Kids who like action but nothing overly dark.  Also, if you like an enchanted pig, this is your book.

Final thoughts:
The author passed away before her novel was published.  It is truly a shame she couldn’t see how well her debut novel has been received. 

To purchase this book, click on the following link to connect to Amazon: Poison  A portion of each purchase goes to support this blog at no cost to you.

Title:       The Unfortunate Son

Author:   Constance Leeds

Target:    Grades 5-8

Series:     No

What this book is about:

Set in the 1400s, Luc is born with only one ear, and his father is so cruel to him that he becomes an apprentice to a fisherman in the village.  The fisherman’s home is filled with love and friendship and just as he begins to feel this is were he is meant to be .... he is stolen by pirates and sold into slavery in Norther Africa.  Will he ever make back home and realize his true identity and purpose?

Why I love this book:
This book is surprisingly well written.  It was one of those can’t put it down types of books, but when I finished it and thought about the story, I realized that there really was very little action.  This would have concerned me, but my eleven year old, action loving son, read it first and told me how great it was.  So, in this case the suspense of the story and the strong writing are more than enough to make it a great read.

I also very much enjoyed the historical aspects of the novel and the look at Islamic culture and education at the end of the dark ages.  It really was quite enlightening.

Who this book is for:
There are simpler themes surrounding responsibility and loyalty and larger themes around education and the self worth that kids must be older to really understand.

Final thoughts:
The Unfortunate Son has an unfortunate cover, and proves to be the book’s one failing.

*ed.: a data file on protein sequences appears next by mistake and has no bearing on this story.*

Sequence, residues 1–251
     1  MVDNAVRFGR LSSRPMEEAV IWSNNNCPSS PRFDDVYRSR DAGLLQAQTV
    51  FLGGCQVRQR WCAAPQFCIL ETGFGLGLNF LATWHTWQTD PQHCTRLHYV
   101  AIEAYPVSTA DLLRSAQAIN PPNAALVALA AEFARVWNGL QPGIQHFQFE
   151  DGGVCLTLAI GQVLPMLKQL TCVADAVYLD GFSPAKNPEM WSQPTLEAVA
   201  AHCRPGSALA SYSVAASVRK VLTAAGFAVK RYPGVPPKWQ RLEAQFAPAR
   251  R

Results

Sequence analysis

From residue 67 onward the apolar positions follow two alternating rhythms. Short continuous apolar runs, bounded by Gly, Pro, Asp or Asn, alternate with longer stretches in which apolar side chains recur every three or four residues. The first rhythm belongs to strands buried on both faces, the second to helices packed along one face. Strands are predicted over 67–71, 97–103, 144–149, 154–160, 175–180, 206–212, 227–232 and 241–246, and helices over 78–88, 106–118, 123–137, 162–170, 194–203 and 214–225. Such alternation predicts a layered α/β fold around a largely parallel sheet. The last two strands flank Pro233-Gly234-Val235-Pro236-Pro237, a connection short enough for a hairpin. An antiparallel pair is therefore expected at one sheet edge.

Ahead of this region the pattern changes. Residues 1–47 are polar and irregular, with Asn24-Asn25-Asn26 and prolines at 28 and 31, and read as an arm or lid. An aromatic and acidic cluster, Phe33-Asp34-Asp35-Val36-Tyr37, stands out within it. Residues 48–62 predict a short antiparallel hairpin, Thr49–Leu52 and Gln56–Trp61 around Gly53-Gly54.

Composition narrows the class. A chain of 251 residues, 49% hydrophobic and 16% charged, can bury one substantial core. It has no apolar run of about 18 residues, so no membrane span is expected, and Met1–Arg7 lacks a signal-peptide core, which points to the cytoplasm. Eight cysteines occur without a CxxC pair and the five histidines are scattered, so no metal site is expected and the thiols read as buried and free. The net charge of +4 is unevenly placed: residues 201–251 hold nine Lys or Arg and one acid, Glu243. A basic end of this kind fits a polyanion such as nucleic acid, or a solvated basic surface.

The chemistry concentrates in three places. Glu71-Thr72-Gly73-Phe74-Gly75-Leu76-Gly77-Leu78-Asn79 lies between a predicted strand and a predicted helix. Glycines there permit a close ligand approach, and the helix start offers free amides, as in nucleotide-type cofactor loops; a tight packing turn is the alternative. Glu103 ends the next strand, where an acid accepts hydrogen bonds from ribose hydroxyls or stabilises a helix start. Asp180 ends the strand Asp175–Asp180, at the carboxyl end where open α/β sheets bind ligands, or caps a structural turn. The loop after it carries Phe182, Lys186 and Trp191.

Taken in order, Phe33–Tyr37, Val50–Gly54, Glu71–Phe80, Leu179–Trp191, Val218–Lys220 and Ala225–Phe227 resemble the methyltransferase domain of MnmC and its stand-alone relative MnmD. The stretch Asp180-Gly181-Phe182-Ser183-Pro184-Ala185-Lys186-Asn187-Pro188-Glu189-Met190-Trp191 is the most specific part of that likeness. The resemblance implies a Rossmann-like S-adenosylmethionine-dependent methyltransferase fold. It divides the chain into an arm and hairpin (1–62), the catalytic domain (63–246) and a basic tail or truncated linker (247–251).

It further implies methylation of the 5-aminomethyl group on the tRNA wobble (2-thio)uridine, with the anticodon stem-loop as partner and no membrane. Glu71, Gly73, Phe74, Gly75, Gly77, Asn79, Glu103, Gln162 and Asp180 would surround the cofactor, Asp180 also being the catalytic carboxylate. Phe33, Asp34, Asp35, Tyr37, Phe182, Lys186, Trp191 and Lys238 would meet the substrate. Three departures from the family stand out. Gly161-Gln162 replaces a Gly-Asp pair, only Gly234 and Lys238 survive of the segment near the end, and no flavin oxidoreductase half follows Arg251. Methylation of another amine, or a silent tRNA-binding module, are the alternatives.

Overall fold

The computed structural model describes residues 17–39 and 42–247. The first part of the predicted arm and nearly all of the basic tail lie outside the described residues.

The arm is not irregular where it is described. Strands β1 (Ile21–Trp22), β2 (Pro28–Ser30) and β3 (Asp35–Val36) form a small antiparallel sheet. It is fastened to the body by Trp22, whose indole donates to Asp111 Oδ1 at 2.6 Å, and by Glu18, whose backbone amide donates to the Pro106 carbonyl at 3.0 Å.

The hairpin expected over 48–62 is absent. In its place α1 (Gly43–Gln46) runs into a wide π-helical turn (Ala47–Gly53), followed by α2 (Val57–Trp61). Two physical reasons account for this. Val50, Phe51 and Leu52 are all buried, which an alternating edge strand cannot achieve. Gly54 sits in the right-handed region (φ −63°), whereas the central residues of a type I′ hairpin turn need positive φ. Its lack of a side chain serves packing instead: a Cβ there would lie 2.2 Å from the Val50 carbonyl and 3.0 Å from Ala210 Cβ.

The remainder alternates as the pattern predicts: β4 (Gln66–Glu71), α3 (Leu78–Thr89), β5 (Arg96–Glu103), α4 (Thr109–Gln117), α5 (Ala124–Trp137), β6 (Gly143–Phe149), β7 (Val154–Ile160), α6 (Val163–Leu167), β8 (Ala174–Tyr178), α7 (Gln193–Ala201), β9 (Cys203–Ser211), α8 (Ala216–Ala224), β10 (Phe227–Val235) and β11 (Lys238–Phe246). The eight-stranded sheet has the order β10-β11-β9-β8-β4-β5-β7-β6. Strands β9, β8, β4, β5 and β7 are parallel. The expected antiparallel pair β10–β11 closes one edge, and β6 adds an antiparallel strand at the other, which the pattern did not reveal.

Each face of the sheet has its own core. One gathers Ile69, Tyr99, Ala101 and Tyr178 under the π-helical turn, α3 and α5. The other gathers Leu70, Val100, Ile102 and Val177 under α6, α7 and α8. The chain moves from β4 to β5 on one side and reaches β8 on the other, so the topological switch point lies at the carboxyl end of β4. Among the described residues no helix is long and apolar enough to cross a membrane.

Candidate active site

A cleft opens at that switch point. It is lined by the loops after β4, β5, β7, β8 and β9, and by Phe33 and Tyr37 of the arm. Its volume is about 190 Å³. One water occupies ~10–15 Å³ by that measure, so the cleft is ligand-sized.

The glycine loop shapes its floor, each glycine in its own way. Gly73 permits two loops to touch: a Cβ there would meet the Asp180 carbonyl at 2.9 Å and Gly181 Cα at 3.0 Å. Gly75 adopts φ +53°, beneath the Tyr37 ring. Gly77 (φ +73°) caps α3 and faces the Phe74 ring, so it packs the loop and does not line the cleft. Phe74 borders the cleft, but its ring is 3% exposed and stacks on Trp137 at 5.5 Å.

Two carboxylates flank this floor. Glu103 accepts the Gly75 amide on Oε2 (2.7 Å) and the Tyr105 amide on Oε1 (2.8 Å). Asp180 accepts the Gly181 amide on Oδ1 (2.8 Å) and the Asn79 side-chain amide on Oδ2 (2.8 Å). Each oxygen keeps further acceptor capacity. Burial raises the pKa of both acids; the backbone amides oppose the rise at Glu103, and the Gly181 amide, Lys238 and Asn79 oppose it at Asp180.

To purchase this book, click on the following link to connect to Amazon :The Unfortunate Son  A portion of each purchase goes to support this blog at no cost to you.

Friday, July 12, 2013

Truck and Train Books Say Goodnight

Now I know that right before bed is prime reading time.  This is a special opportunity to bond with your children, to cuddle and share, and to get those kids to sleep so you can finally have some time to yourself!

The best picture books for this prime reading time .... ones that make your kids want to fall asleep!  A great going to bed book will help them relax, make them realize that the end of the day is at hand, and send them off into the quiet zone where no more bathroom trips, glasses of water or sheet adjustments are required.

This week I am profiling two great going to bed books for kids who love trucks and trains.  These books are so good that your kids might actually ask to go to bed just to hear them ... well perhaps I exaggerate, but they are really good!  They are from the proven team of Rinker and Lichtenheld, who I hope are making beautiful books together for many years to come.

To see another favorite bedtime book of mine, visit my previous post Sleep Like a Tiger.

Title:       Goodnight, Goodnight, Construction Site

Author:   Sherri Duskey Rinker

Target:    Preschool - Kindergarten

What this book is about:
The day is ending on the construction site and all the trucks are getting ready to sleep.  The story follows the activities of each type of truck (crane, cement mixer, bulldozer and excavator) as they finish up their work and prepared to go to bed.

Why I love this book:
First off the cadence of this book is lovely and it makes reading it quite rhythmic which is lovely for a going to bed book.  Each segment ends with the refrain "Shh... goodnight, (appropriate truck) goodnight"

I also adore the illustrations by Lichtenheld.  They are fun and charming.  Crane has his nightlight and teddy bear, cement mixer his blanket and bulldozer's dirt bed looks just like a comfy pillow.  I also enjoy that each truck has a face which gives them personality. These pictures will suck you in!

But I also love that the book shares some of the activity that the trucks do during the day.  It makes it the perfect story where kids can appreciate the differences in the truck's functions, while still not rilling them up, but calming them down before bed.

Who this book is for:
Any young child who loves trucks!

Final thoughts:
I would have had this book memorized in a matter of days if it had been out when my boys were young!

To purchase this book, click on the following link to connect to Amazon: Goodnight, Goodnight Construction Site  A portion of each purchase goes back to support this blog at no cost to you.

Title:       Steam Train, Dream Train

Author:   Sherri Duskey Rinker

Target:    Preschool - Kindergarten

What this book is about:
Evening has come, and the steam train is being loaded for the night.  Each different type of car  is being filled with the appropriate playthings:  Boxcar - toys, Tankers - paint, Gondola - sand and sand toys, Auto Track - race cars ... etc.  When all is filled the train takes off for dream land.

Why I love this book: